Monthly Archives: July 2003

City Hall — Denial 101

City Hall

The idiosyncratic world of the Birmingham City Council

Denial 101

Three years ago, Birmingham opened the doors of Carver High School, the first high school built in the city in 30 years. An imposing, $50 million educational facility, the school actually began conducting classes before construction was completed as delays piled up and costs soared well past original estimates. Designed for technical as well as academic instruction, Carver has been touted by many as the first phase in rescuing Birmingham’s plummeting education system. Others warned it was doomed from the start, and it looks like the cynics were correct.
A July 20 front page story in the Birmingham News cast Carver as a disturbing icon for the city’s school system. The school is so poorly wired that only half of the computers in the computer lab can be operated at one time. Floor tiles are coming up, concrete is falling in the elevator shaft, walls are cracking, and the foundation is splitting. Air conditioning and heating units must be run simultaneously to prevent the build-up of moisture in the main building.

Two days after the article was published, Councilor Elias Hendricks apologized during the Tuesday city council meeting for scoffing at those who warned “that thing was gonna fall off that mountain.” Carver was built on the site of the North Birmingham Golf Course over the objections of those who insisted that the land had been properly dedicated as a park in 1924. The golf course was a public facility that for years was the only course black residents were allowed to play on. Hendricks added that word among the golfers was that Carver had been constructed above an abandoned mine.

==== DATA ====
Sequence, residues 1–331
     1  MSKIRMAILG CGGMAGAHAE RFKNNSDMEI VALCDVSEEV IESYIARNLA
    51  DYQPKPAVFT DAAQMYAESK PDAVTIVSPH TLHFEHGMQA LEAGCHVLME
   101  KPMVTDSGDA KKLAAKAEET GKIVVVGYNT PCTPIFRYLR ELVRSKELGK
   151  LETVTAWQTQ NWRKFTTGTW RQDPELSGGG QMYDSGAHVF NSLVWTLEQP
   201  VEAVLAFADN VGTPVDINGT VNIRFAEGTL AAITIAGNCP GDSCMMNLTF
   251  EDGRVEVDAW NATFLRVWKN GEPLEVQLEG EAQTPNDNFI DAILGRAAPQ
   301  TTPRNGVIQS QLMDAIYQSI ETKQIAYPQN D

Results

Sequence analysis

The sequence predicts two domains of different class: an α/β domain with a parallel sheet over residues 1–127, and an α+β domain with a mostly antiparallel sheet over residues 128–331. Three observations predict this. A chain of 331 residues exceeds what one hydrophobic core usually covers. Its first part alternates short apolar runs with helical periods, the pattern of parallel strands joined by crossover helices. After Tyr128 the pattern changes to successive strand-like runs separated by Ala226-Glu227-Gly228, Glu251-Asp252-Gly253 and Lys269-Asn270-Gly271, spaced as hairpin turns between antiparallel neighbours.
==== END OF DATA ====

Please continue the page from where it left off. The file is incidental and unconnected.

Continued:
Councilor Bert Miller waved a copy of the newspaper story as he warned of impending danger. “Someone should be held accountable. Sooner or later, the school’s gonna fall down and kill some of our kids. You got the walls cracking, you got the ceilings leaking,” Miller exclaimed as audience members applauded the mention of students suffering such a ghastly fate. “We should call them all [architects, engineers, etc.] back to the carpet and put them on trial!” Guaranteeing that he’d be nothing less than a good steward if in charge of such a substantial amount of money, Miller proclaimed, “If you give me $50 million to do something, I’m gonna do it!” Miller noted that there had been three high profile secondary education schools built in Jefferson County in the past five years: Hoover High, Spain Park High, and Carver. Commenting that he hasn’t heard any complaints about structural problems at Spain Park and Hoover, he couldn’t resist putting a racial spin on the issue at the July 22 council meeting, asking, “Are our black kids being neglected because there are black kids going to a different school [than whites] and the architects are cutting costs or just didn’t care? Is that the reason they just threw the school up?”